CHARLESTON—Today I hiked into the woods to see a South Carolinaian salt marsh just outside of the city. And it’s stunning.

The cordgrass stretches backward to the barren horizon, poking from the saltwater like green whiskers. A white heron is hunting for breakfast.

And just when the scene couldn’t be more Carolinian, I see a bald eagle flying overhead.

The distant bird glides above the world, moving on an almost imperceptible air current, turning circles.

“You can tell it’s an eagle,” says John (age 11), pointing at the sky. “See how his wings are flat, instead of a V shape?”

John is wearing a sun hat,
a COVID mask, and gobs of sunscreen. He is a bird fanatic. He hands me his binoculars so I can watch the eagle ride the Atlantic breeze.

John goes on: “Most people see soaring birds and automatically think they’re eagles. But they’re usually vultures or some kinda other soaring bird. When you see a dihedral wing shape, it’s not an eagle.”

Dihedral? Who is this kid?

It's hard to believe bald

eagles almost disappeared from this earth. Especially since they’re the quintessential American symbol. But isn’t it always the same tragic story with us humans? Sometimes we ruin the things we love.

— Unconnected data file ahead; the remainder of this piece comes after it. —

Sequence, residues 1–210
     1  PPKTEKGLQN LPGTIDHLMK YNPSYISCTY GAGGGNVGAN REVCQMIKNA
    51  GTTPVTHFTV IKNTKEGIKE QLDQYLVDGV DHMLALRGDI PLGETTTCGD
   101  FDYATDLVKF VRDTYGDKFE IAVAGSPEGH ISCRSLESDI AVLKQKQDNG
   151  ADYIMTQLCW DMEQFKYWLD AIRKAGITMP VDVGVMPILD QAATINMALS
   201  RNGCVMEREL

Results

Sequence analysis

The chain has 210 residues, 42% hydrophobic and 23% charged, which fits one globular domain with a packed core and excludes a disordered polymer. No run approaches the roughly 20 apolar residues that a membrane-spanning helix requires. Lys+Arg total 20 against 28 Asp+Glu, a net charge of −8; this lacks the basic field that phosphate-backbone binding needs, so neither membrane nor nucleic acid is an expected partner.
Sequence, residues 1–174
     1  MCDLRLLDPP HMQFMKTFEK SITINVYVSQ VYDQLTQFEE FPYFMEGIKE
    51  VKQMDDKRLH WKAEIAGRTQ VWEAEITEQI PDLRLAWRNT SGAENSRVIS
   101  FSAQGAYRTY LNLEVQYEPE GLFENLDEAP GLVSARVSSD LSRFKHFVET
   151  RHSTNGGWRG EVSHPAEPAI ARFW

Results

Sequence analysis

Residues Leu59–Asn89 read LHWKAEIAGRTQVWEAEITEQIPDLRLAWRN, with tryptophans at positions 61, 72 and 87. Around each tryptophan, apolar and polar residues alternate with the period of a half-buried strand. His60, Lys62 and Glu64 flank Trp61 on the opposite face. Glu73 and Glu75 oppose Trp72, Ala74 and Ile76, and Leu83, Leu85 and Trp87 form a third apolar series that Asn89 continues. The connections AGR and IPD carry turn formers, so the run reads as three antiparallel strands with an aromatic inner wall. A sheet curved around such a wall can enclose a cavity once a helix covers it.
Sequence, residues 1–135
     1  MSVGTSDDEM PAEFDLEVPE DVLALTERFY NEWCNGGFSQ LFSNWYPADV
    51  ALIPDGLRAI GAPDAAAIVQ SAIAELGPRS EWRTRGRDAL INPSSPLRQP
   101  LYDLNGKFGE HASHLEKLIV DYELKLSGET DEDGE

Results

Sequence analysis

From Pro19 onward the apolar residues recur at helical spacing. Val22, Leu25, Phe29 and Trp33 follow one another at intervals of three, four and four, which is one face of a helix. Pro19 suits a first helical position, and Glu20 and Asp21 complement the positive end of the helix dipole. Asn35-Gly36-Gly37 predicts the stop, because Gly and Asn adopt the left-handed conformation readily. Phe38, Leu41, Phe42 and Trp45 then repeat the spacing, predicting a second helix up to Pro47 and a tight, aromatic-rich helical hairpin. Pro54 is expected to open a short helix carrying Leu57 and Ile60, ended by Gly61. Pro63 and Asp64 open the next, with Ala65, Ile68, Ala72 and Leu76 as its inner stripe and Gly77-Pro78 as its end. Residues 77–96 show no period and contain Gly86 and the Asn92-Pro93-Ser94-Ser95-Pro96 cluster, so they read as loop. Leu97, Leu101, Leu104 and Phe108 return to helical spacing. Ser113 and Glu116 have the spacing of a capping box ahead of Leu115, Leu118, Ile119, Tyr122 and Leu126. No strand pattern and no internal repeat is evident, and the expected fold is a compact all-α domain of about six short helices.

Over the years, hunters killed lots of bald eagles. Commercial pesticide usage killed even more. North Americans were wiping out bald eagles by the shipload.

By the 1970s there were an estimated 220 eagles left on the continent. And even worse, nobody could figure out what to do about it.

Zoologists started touring grade schools with bald eagles, simply so children could get a final glimpse of the national bird before the species vanished.

“Eagles are raptors,” says John. “They’re SUPER good at surviving. I’ve even seen them eat snakes before. I love it when they eat snakes.”

But eagles weren’t surviving. Fifty years ago there were only 13 pairs of…

CHARLESTON—I’m walking rough cobblestones beneath South Carolina’s blazing afternoon sun and I’m sweating through my shirt.

I woke up at 6:39 a.m. in our cheap hotel. I plugged in the room’s coffeemaker. I said good morning to the cockroaches. I crawled into the mildewed shower while the coffeemaker gurgled.

The shower steamed up the bathroom and I could see traces of greasy fingerprints appearing on the big mirror. Two words were traced upon the fogged-up glass:

“MARRY ME!!!” With three exclamation points.

I was all smiles. Because my wife didn’t write this, and neither did I. Meaning: within this scumsucking hotel room, someone recently popped The Question. And I can only hope the other someone said yes before they contracted tetanus.

As it happens, Charleston is where my wife and I honeymooned nearly twenty years ago. The town has changed since then. Within the last two decades, for instance, America has built tons of outdoor shopping malls.

In my era (Paleolithic era) indoor malls ruled the world. We had low-tech signs, food courts, and

pushcarts selling cardboard pretzels with “cheese-like” sauce.